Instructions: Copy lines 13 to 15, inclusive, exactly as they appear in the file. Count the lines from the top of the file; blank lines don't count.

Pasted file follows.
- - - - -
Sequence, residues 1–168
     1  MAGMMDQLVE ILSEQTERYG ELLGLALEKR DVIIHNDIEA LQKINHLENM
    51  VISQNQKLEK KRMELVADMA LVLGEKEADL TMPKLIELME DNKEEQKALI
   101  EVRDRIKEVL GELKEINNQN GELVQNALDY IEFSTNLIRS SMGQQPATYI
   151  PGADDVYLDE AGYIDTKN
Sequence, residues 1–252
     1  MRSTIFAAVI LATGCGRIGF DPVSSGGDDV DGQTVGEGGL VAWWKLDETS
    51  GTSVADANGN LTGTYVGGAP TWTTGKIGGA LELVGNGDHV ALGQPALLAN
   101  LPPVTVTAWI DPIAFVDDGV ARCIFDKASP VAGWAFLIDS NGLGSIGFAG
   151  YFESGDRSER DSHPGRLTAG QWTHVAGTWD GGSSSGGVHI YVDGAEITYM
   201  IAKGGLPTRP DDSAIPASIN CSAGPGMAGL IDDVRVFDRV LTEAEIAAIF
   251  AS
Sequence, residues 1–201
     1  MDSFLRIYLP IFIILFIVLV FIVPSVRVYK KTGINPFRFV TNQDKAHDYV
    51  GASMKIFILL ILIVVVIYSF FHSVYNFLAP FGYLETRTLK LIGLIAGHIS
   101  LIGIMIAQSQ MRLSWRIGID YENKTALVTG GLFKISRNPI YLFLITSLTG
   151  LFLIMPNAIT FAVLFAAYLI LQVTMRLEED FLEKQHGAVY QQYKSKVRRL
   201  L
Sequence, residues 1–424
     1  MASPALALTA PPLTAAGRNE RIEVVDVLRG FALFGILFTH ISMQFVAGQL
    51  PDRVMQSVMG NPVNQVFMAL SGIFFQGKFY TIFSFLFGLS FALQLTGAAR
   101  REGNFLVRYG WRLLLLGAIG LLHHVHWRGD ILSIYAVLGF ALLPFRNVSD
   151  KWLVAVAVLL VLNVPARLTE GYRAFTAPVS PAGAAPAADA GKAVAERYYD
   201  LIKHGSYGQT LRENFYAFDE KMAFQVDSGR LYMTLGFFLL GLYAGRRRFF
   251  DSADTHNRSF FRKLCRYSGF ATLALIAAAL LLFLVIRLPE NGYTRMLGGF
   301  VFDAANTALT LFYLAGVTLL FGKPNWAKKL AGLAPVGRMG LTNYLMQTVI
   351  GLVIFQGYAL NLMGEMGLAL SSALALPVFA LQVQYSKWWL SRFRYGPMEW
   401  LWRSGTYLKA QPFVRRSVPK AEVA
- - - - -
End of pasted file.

Sequence, residues 1–201
     1  MDSFLRIYLP IFIILFIVLV FIVPSVRVYK KTGINPFRFV TNQDKAHDYV
    51  GASMKIFILL ILIVVVIYSF FHSVYNFLAP FGYLETRTLK LIGLIAGHIS